From the NHS Behind the Headlines blog:


“Self help makes you feel worse,” BBC News has reported. It says that the growing trend of using self-help mantras to boost your spirits may actually have a detrimental effect. The news comes from Canadian research, which found that people with low self-esteem felt worse after repeating positive statements about themselves.


Although positive self-statements are widely believed to boost mood and self-esteem, they have not been widely studied, and their effectiveness has not been demonstrated. This experimental study sought to investigate the contradictory theory that these statements can be harmful.

The researchers had a theory that when a person feels deficient in some way, making positive self-statements to improve that aspect of their life may highlight the discrepancy between their perceived deficiency and the standard they would like to achieve. The researchers carried out three studies in which they manipulated positive self-statements and examined their effects on mood and self-esteem.


Something about the hypothesis sounds familiar:

This experimental research among a group of Canadian university students has found that positive statements may reinforce that positivity among those with high self-esteem, and make them feel even better. But it causes those with low self-esteem to feel worse and to have lower self-esteem.

The researchers say that this theory is based on the idea of ‘latitudes of acceptance’, i.e. messages that reinforce a position close to one’s own are more likely to be persuasive than messages that reinforce a position far from one’s own. As they suggest, if a person believes that they are unlovable and keeps repeating, "I’m a lovable person", they may dismiss this statement and possibly reinforce their conviction that they are unlovable.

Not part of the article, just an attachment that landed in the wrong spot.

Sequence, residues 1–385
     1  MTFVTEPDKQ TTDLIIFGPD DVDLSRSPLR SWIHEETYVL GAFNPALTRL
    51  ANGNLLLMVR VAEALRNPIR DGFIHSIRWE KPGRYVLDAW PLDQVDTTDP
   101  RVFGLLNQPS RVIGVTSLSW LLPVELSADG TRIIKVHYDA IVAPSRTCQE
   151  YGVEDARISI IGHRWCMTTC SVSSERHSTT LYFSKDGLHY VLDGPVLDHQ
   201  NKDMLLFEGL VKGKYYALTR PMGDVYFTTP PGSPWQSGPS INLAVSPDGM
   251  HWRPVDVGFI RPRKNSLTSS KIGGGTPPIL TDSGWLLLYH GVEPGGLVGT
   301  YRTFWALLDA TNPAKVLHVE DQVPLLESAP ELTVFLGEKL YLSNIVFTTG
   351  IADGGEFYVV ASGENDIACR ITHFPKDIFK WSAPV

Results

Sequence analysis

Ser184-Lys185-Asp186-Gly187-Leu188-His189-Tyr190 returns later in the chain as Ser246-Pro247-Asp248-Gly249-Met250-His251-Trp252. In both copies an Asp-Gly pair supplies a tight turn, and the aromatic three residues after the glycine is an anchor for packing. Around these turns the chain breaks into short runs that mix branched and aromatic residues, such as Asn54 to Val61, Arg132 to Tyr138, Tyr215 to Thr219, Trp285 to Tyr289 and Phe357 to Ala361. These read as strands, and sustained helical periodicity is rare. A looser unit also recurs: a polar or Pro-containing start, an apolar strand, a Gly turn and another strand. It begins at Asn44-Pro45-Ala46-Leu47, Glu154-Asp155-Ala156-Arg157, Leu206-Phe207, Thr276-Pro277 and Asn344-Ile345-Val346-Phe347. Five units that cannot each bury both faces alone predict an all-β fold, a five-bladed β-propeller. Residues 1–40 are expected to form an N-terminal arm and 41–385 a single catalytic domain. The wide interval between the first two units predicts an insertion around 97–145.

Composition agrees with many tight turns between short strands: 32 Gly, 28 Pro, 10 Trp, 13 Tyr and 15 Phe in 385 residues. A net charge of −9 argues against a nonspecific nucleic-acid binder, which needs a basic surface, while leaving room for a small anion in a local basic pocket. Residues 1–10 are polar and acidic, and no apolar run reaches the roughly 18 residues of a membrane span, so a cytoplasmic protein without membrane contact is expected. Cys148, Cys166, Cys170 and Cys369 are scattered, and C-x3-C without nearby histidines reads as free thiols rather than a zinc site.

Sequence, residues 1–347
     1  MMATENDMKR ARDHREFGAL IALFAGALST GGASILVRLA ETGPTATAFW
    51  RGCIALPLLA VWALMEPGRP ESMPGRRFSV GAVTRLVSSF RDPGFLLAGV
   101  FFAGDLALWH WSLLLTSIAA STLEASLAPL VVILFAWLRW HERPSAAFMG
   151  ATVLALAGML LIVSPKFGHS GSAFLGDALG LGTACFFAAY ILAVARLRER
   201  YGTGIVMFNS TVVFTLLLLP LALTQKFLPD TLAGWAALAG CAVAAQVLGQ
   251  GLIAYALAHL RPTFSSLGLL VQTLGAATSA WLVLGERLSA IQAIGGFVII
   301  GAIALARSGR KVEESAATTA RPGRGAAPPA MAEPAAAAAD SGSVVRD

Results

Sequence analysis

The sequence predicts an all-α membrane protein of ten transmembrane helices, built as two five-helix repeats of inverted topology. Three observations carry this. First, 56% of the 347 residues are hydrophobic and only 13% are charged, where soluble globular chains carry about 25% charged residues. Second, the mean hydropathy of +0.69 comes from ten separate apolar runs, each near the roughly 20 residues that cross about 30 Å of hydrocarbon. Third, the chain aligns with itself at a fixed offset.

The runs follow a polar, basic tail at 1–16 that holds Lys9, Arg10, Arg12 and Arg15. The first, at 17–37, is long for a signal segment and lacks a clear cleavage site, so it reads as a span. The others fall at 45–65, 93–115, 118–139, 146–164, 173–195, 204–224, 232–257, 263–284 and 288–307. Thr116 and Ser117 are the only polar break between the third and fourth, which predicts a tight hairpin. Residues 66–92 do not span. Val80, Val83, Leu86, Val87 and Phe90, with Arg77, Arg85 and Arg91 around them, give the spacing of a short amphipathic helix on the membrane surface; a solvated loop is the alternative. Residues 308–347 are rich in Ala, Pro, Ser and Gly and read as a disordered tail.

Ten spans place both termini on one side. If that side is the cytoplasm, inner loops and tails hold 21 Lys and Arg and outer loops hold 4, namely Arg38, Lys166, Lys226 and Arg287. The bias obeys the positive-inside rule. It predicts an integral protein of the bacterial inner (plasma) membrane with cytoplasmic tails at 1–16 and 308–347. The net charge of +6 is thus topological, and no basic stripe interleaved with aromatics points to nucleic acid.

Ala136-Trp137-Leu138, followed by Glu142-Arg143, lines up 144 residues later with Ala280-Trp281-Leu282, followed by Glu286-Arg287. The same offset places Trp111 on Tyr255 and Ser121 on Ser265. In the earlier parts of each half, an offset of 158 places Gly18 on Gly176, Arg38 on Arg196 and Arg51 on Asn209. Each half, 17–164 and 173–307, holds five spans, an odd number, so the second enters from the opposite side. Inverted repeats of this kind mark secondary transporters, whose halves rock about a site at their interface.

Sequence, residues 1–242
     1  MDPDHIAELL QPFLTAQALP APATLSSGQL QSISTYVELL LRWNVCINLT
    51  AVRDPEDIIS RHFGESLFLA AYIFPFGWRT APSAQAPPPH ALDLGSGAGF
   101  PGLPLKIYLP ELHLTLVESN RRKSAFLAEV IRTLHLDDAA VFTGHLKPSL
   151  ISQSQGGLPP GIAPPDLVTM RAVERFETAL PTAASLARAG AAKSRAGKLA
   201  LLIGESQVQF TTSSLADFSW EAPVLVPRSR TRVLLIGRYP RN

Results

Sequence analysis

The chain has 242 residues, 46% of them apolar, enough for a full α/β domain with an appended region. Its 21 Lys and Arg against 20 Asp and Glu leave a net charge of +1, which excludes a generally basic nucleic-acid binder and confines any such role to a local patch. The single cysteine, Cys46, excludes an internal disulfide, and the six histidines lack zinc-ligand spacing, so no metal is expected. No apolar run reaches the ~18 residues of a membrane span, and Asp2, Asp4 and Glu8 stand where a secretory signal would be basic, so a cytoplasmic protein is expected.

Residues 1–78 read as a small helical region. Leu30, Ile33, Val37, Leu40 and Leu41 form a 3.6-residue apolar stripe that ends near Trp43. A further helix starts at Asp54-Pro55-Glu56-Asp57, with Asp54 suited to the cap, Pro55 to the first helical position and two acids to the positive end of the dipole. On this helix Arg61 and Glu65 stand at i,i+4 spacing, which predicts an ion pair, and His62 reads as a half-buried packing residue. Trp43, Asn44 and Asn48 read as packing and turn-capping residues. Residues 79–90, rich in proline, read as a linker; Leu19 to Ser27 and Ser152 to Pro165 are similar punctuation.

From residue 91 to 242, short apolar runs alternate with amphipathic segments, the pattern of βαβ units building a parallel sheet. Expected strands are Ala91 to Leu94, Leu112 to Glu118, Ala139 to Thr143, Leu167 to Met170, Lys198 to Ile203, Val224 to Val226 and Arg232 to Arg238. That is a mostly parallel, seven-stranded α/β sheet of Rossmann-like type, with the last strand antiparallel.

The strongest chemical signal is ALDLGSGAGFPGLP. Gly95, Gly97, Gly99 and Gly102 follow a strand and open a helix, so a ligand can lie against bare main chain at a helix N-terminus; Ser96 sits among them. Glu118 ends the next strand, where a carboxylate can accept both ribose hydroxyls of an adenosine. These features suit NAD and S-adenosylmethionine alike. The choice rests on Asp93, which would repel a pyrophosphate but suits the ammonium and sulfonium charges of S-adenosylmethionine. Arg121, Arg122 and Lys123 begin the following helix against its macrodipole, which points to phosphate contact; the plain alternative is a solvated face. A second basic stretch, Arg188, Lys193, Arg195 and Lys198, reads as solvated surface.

What do you think? Is this plausible, or is it an attempt to shoehorn one of those trendy heuristics-and-biases-related hypotheses into a study on self-esteem? If you accept the validity of the study and its conclusion, does it influence LW's Rationalists Should Win self-help philosophy? What if it is literally true that some people are more lovable and some less, and that this has unavoidable effects on self-esteem? Do low self-esteem rationalists need different techniques from those with high self-esteem?

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What has always puzzled me about statements about self-esteem is that it's never seemed, in my case, to be remotely consistent over time. My self-esteem fluctuates wildly depending on the statements of others, my apparently random moods, my physical health, my stress levels, and what I had for breakfast. If the study is right, does that mean I should tell myself nice things when I've just gotten a compliment and feel pretty happy and don't have a cold or too much work and I just ate a stack of pancakes? Or will those statements backfire on me the next time I get a poor grade on a paper or too much work for my energy level?

What has always puzzled me about statements about self-esteem is that it's never seemed, in my case, to be remotely consistent over time.

Same here... I seem to believe that I'm both a genius and an idiot, that I'm both good at Magic and bad at Magic, and many other such apparent contradictions.

The study talks about "positive self-statements"; that is, it asks subjects to repeat positive statements about themselves. This is a very specific action that, apparently, does no good. The NHS and BBC News articles, however, talk about "self help", which is a broad category that includes positive self-statements, but also includes lots of other, different things, which the study says nothing about.

Second, the study measured participants' self-esteem, but did not measure any aspect of their behavior. If positive self-statements lowered self-esteem but increased desired behaviors, then they would be a net benefit. In fact, that is the result I would expect (albeit given the benefit of hindsight).